So if you are a Paramedic new to Primary Care, following Health Education England’s RoadMap to Practice under the additional roles then you probably feel like a small fish in a big pond again. The feeling you had sat in the crew room on your first day dreading the radio to ring and being sent to your first job. Going back to university for the first time did keep me awake at night worrying if I had done the right thing or if I could even complete the First Contact Practitioner course and make it to stage two in the HEE RoadMap.
The First Contact Practitioner course is a level 7 master’s module and is a requirement for all PCN Paramedics to complete unless you can assimilate on to this stage via a portfolio of evidence. Level 7 I hear you saying, yes level 7 and let’s just say it was challenge for this old dog, but if you’re a Paramedic you don’t like being told “you can’t do that” as this immediately releases the following words which come tumbling out of all Paramedics mouths “Oh yeah let’s have a go then”. It’s a natural inbuilt parasympathetic reaction which all paramedics have been born with and the trigger point is being told you just can’t do it!
So with the bit well and truly between my teeth I decided on University of Central Lancashire as I liked the look of the module and what I had to achieve during my seven months. As the start date of the module loomed closer it did leave me with the dread and fear I associated with driving to a paediatric cardiac arrest, yes you know that feeling deep down in the pit of your stomach and performing many backflips in there too. But now I’m done I liken it to the same feeling when you get there it’s no more than a common cold and the sense of relief washes over you making you take a breath.
The feeling that I had gone back in time to be an 80%’er all over again in the ambulance Service sent shivers down my spine. An 80%’er was the term used for new Ambulance staff while you were completing your training which everyone changed to ‘80 placentas’ which was just some of the affectionate titles we were given during our journey in to emergency medicine and was always referred to as character building!
As part of our module requirements all students must complete 75 hours of clinical practice within Primary Care. I chose to complete my hours at Hawkesley Medical Centre which has 4,456 registered patients, double the national average. I was introduced to my mentor Dr Hadian and one of the first things that struck me was how friendly everyone was towards me, a total change from the ambulance service I spent so many years in. It did not matter how many stupid questions I asked while I was there, and oh I asked a lot of those, everyone took time to help me with whatever I needed. I was part of the Multi-Disciplinary Team (MDT) and my opinion was sort and valued. In all my time at Hawkesley I have to say sitting back and observing the other GP’s, Nurses, HCA’s and reception staff one thing stood out massively, that no matter how clinically trained or non-clinically trained the staff were they all cared for their patients 100% and regularly went the extra mile. I coined a phrase when I said goodbye to both Dr Hadian and Dr Drever, the partners, that I genuinely believe that Hawkesley is the gold standard of Primary Care and I thanked them for putting up with me for 7 months.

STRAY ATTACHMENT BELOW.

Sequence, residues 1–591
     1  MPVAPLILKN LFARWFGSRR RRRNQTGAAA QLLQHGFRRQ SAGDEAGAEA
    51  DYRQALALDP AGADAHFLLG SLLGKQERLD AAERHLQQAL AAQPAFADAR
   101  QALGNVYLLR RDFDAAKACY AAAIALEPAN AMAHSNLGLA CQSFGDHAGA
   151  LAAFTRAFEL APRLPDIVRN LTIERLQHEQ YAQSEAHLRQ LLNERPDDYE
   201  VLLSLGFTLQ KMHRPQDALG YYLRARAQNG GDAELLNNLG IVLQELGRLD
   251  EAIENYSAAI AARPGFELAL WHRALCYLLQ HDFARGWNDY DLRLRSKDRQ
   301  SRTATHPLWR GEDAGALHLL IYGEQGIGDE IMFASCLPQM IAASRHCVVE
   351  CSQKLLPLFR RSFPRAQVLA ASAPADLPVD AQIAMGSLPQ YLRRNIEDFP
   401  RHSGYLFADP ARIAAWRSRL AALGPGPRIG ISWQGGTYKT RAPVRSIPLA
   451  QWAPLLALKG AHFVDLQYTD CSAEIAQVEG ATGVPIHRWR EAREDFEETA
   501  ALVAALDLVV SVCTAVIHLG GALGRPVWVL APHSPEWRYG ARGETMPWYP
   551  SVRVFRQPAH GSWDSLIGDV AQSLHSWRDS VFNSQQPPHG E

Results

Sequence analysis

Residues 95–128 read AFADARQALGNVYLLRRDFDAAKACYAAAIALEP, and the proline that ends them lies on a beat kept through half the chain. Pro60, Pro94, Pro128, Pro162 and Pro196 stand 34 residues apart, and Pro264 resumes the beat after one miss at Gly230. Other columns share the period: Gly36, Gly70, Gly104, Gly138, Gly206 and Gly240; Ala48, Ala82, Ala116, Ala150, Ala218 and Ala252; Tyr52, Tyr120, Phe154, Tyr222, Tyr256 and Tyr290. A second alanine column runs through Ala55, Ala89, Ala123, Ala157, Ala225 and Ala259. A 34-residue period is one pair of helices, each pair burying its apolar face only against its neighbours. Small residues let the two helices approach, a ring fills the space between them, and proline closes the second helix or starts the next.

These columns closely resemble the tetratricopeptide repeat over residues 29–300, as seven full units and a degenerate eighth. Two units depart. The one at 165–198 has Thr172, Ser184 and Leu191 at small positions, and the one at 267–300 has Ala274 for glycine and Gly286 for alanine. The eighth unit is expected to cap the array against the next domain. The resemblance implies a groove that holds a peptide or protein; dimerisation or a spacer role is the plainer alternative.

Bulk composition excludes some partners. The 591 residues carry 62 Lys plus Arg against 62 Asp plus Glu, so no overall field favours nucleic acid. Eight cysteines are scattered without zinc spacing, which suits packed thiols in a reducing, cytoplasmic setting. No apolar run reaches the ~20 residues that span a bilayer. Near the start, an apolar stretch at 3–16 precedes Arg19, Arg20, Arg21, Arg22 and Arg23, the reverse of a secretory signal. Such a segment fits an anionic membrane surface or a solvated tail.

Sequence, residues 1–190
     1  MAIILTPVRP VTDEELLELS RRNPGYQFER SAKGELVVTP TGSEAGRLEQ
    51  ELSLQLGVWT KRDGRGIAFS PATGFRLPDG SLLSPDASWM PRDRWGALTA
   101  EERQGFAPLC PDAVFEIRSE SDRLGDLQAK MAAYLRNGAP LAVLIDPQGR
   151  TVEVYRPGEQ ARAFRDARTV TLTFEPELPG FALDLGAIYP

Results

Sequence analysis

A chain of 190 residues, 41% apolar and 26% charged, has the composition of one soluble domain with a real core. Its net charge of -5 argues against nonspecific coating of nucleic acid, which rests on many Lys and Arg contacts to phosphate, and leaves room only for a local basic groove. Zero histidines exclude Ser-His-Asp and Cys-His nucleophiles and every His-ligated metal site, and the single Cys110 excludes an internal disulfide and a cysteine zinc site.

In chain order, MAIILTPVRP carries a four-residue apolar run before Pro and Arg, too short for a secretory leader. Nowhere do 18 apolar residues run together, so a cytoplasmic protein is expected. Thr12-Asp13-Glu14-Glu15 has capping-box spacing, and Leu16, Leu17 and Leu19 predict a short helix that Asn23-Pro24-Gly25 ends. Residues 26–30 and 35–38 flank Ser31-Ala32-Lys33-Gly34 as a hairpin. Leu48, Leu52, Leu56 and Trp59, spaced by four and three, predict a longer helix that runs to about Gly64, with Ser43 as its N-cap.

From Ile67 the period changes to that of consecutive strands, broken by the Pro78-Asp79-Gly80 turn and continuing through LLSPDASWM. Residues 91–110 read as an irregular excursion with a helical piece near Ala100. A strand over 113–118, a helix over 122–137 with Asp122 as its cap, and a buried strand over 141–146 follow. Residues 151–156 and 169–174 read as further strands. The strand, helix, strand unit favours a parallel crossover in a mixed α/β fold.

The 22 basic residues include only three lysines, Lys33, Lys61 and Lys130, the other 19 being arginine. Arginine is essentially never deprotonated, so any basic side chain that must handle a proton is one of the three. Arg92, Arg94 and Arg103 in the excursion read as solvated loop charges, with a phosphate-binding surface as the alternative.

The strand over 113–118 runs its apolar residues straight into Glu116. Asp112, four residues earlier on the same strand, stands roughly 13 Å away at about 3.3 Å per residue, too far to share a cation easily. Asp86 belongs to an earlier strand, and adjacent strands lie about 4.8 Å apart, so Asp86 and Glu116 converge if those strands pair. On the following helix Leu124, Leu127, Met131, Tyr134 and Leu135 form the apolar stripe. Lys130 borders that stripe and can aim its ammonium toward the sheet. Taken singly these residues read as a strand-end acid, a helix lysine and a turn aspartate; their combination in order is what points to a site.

So did I pass, 49 years old, not been to university before, did not know what ‘et al’ really meant, but your forgetting that one critical aspect…………..I’m a Paramedic and Paramedics have a genetic code not allowing them to be told they can’t do something, so yes I did pass.
Special thanks to:
My wife and family
Dr Hadian & Dr Drever with all the Hawkesley Medical Centre staff
University of Central Lancashire & Kurt my tutor